Assuntos
Pressão Positiva Contínua nas Vias Aéreas/métodos , Recém-Nascido Prematuro , Oximetria/métodos , Oxigenoterapia/métodos , Oxigênio/análise , Humanos , Recém-Nascido
14.
Arch Dis Child Fetal Neonatal Ed ; 100(5): F436-8, 2015 Sep.
Artigo em Inglês | MEDLINE | ID: mdl-26054970

RESUMO

Oxygen saturation (SpO2) signal dropout leaves caregivers without a reliable measure to guide oxygen therapy. We studied SpO2 dropout in preterm infants on continuous positive airway pressure, noting the SpO2 values at signal loss and recovery and thus the resultant change in SpO2, and the factors influencing this parameter. In 32 infants of median gestation 26 weeks, a total of 3932 SpO2 dropout episodes were identified (1.1 episodes/h). In the episodes overall, SpO2 decreased by 1.1%, with the SpO2 change influenced by starting SpO2 (negative correlation), but not dropout duration. For episodes starting in hypoxia (SpO2 <85%), SpO2 recovered at a median of 3.2% higher than at SpO2 dropout, with a downward trajectory in a quarter of cases. We conclude that after signal dropout SpO2 generally recovers in a relative normoxic range. Blind FiO2 adjustments are thus unlikely to be of benefit during most SpO2 dropout episodes.


Assuntos
Pressão Positiva Contínua nas Vias Aéreas , Hiperóxia/prevenção & controle , Hipóxia/prevenção & controle , Doenças do Prematuro/prevenção & controle , Oximetria/instrumentação , Falha de Equipamento , Humanos , Recém-Nascido , Recém-Nascido Prematuro
15.
J Pediatr ; 164(4): 730-736.e1, 2014 Apr.
Artigo em Inglês | MEDLINE | ID: mdl-24433828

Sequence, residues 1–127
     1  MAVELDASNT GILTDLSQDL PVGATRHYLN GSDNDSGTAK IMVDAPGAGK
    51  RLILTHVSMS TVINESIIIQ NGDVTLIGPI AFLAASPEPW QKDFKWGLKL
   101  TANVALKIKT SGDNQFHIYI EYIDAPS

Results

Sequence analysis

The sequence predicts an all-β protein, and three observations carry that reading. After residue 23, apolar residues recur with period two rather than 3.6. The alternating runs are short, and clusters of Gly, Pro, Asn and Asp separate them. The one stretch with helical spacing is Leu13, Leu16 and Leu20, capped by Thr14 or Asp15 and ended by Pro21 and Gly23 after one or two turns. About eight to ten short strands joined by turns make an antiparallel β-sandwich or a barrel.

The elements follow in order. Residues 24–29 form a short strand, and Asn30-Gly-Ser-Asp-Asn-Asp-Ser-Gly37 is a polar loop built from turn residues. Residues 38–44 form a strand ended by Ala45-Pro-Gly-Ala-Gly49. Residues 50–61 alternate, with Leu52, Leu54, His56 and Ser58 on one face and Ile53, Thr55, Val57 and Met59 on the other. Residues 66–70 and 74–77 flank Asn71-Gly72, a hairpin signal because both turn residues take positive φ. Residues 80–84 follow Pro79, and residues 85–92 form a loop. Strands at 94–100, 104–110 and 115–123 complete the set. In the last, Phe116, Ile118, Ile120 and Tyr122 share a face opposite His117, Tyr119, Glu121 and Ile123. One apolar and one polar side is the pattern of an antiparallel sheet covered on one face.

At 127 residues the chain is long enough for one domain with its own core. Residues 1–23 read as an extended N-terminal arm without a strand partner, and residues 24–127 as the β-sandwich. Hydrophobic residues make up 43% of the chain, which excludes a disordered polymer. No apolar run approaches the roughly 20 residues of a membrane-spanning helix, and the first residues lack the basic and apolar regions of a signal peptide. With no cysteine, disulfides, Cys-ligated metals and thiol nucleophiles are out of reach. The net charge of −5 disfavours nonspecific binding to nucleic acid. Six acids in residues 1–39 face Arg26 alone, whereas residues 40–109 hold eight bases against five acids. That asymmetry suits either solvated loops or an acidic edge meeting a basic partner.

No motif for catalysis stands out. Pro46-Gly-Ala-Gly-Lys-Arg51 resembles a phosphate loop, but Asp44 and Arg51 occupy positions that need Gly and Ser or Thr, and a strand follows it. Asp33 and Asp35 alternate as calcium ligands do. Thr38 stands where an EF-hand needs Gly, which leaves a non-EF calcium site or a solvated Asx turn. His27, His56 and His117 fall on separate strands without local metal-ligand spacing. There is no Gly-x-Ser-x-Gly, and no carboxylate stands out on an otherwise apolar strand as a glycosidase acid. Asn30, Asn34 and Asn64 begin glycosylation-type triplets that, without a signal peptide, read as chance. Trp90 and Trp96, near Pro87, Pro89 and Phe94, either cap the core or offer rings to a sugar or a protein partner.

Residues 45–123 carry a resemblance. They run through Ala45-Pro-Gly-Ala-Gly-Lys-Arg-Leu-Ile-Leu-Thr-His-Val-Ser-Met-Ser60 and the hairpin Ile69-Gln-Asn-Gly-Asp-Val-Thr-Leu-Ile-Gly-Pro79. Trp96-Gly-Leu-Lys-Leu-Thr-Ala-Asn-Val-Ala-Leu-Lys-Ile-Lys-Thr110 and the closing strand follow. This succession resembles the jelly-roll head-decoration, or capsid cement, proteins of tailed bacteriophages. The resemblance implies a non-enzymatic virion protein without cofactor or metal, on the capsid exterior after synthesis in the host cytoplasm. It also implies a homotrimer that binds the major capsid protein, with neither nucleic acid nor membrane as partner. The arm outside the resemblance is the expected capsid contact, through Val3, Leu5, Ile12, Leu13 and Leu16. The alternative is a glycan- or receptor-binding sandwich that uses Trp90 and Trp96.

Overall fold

RESUMO

OBJECTIVE: The precision of oxygen saturation (SpO2) targeting in preterm infants on continuous positive airway pressure (CPAP) is incompletely characterized. We therefore evaluated SpO2 targeting in infants solely receiving CPAP, aiming to describe their SpO2 profile, to document the frequency of prolonged hyperoxia and hypoxia episodes and of fraction of inspired oxygen (FiO2) adjustments, and to explore the relationships with neonatal intensive care unit operational factors. STUDY DESIGN: Preterm infants <37 weeks' gestation in 2 neonatal intensive care units were studied if they were receiving CPAP and in supplemental oxygen at the beginning of each 24-hour recording. SpO2, heart rate, and FiO2 were recorded (sampling interval 1-2 seconds). We measured the proportion of time spent in predefined SpO2 ranges, the frequency of prolonged episodes (≥30 seconds) of SpO2 deviation, and the effect of operational factors including nurse-patient ratio. RESULTS: A total of 4034 usable hours of data were recorded from 45 infants of gestation 30 (27-32) weeks (median [IQR]). When requiring supplemental oxygen, infants were in the target SpO2 range (88%-92%) for only 31% (19%-39%) of total recording time, with 48 (6.9-90) episodes per 24 hours of severe hyperoxia (SpO2 ≥98%), and 9.0 (1.6-21) episodes per 24 hours of hypoxia (SpO2 <80%). An increased frequency of prolonged hyperoxia in supplemental oxygen was noted when nurses were each caring for more patients. Adjustments to FiO2 were made 25 (16-41) times per day. CONCLUSION: SpO2 targeting is challenging in preterm infants receiving CPAP support, with a high proportion of time spent outside the target range and frequent prolonged hypoxic and hyperoxic episodes.